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CSS, since its version 2.1, offers a relatively unknown counter system due to an old incompatibility on IE. Some of you will probably defend the following position: CSS is not made for that, you have to use JavaScript. So be it! But know that it exists, and discover how to use it. Small introduction!

This blog post is a translation from the original french article written in 2012. Keep this history in mind 🙂

As I told you, the counters exist and are defined since CSS2.1 by the W3C. The arrival of CSS3 allowed to complete the definition a bit and to include it in a module called “Generated and Replaced Content“.

In this article, we will play with three properties and one function:

  • counter-reset: this property allows you to initialize a counter (create it). To do this, you need to fill in one or more counter names followed by its initial numerical value.
    counter-reset: count1 4 count2 0;

    Here we’ve got two initialized counters: count1 which starts at 4, and count2 which starts at 0.

  • counter-set : this property allows you to redefine the value of a counter, without creating a new one. To do this, fill in one or more existing counter names followed by its new numerical value.
    For example:
    counter-set: count1 0 count2 3;

    Here we have two counters redefined: count1 which restarts at 0, and count2 which restarts at 3.

  • counter-increment : this property allows you to increment a counter. To do this, enter the name of one or more counters, each followed by the number to be incremented. Without number following the counter name, the increment will be +1 by default.
    For example:
    counter-increment: count1 2 count2 4;

    Here our two initial counters will be increased by 2 for count1 and 4 for count2.

  • counter(): this function associated with the pseudo-element ::before or ::after and the content property allows you to insert the counter in your page. This generates a dynamic content. It takes one parameter and a second optional parameter. The first one is the counter name, the second one is the counter style. (same values as list-style-type)
    For example:
    li::before {
    content: counter(count1, decimal-leading-zero) " – ";

    In this example, the content of a li element will be preceded by a content type of “04 -“.

About the style of the counter, it is possible to specify the values “disc”, “circle”, “square” and “none”, so it is possible to generate nothing. I haven’t found any real use case for these values yet.

As I write these lines, the counter-set property is not recognized by any browsers but Firefox.

Counter CSS Démo

The simplest way to present those CSS Counters is to give you a well-organized document with a few headings at different levels.
Here is the demonstration:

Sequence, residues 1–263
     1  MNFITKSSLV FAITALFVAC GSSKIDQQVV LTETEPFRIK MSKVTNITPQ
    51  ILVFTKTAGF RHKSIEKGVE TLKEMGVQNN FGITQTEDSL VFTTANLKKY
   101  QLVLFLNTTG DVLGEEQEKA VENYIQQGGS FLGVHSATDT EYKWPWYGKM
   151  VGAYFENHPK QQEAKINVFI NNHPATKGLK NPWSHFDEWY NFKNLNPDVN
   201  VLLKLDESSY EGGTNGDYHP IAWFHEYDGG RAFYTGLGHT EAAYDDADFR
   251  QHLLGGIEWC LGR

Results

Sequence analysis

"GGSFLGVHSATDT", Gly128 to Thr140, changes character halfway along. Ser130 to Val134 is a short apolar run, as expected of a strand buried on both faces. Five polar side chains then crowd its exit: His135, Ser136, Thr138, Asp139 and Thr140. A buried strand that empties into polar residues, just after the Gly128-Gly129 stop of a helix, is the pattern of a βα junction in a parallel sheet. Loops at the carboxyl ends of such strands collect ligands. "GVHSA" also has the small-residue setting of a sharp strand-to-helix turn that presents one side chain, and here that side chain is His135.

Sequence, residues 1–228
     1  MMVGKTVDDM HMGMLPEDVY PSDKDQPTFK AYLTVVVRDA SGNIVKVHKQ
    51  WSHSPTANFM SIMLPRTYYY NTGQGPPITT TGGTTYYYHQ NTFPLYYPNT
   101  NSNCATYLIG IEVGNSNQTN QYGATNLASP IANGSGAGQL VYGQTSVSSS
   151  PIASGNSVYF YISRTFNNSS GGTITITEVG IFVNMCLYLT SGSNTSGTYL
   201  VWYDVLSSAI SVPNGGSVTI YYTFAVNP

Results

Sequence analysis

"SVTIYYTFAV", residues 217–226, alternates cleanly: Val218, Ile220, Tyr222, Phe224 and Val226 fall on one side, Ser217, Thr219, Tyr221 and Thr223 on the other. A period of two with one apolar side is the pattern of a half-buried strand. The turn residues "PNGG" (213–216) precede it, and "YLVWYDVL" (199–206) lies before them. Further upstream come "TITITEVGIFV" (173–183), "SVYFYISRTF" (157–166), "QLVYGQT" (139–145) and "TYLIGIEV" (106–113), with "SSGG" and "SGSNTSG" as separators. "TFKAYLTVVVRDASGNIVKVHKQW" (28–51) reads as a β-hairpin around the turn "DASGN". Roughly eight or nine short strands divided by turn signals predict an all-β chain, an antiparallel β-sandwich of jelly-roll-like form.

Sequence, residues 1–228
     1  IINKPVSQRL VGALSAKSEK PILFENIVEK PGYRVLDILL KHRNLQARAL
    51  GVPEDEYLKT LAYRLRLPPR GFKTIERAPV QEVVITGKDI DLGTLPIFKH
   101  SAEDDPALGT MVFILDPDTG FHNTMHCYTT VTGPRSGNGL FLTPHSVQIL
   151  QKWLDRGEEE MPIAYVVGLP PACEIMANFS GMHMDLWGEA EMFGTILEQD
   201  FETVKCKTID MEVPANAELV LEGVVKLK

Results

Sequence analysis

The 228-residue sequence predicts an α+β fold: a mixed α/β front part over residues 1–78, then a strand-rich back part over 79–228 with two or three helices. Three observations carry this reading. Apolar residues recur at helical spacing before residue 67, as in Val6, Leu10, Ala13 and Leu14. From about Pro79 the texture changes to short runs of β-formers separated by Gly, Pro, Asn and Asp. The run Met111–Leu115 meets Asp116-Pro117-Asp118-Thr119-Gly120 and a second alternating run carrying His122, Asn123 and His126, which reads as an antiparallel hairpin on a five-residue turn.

CSS Counters Demo

The code used in HTML is relatively simple: make sure you have h2, h3 and h4 in a block of text, for example. I give you a snippet if you want to test :

<h2>This is the new way of life</h2>
<p>Lorem ipsum dolor sit amet, […]</p>

<h3>Lorem ipsum dolor sit amet, consectetur</h3>

<h4>Adipisicing elit</h4>
<p>Lorem ipsum dolor sit amet, consectetur adipisicing[…]</p>
<p>Lorem ipsum dolor sit amet, consectetur adipisicing elit, sed do […]</p>

<h4>Anim id est laborum</h4>
<p>Lorem ipsum […]</p>

<h3>Reprehenderit in voluptate</h3>
<p>Lorem ipsum dolor sit amet, consectetur adipisicing elit, sed do eiusmod tempor incididunt ut labore[…]</p>

<h2>Come back later</h2>
<p>Lorem ipsum dolor sit amet, consectetur adipisicing elit, sed do eiusmod tempor incididunt ut labore et dolore […]</p>

The CSS is relatively short when it comes to counters, you just have to pay attention to the details: when counters are initiated and incremented.

/* we initiate counters named
title2, title3 and title4 */
body {
counter-reset: title2 title3 title4;

/* we increment value of title2
when we meet a h2 */
h2 {
counter-increment: title2 1;

/* then we generate a content before
the element composed by the number
in roman letter and un dash symbol */
h2::before {
content: counter(title2, upper-roman) " – ";

h3 {
counter-increment: title3 1;

h3::before {
content: counter(title3, decimal) " – ";

h4 {
counter-increment: title4 1;

/* here, we compose the counter
the number of the previous
title level, and a letter of
the current counter. */
h4::before {
content: counter(title3, decimal) "." counter(title4, lower-alpha) " – ";

CSS Counters demo on an odered list

You’re going to tell me: What’s the point since the ol list is already numbered?
Yes, that’s true, but the use of the generated content allows to apply richer styles thanks to CSS.
An example in image (and code):


There is a lot of stuff to know about lists, especially ol elements. Discover more about attribute start, reversed and type of counters.

Don’t hesitate if you have any question.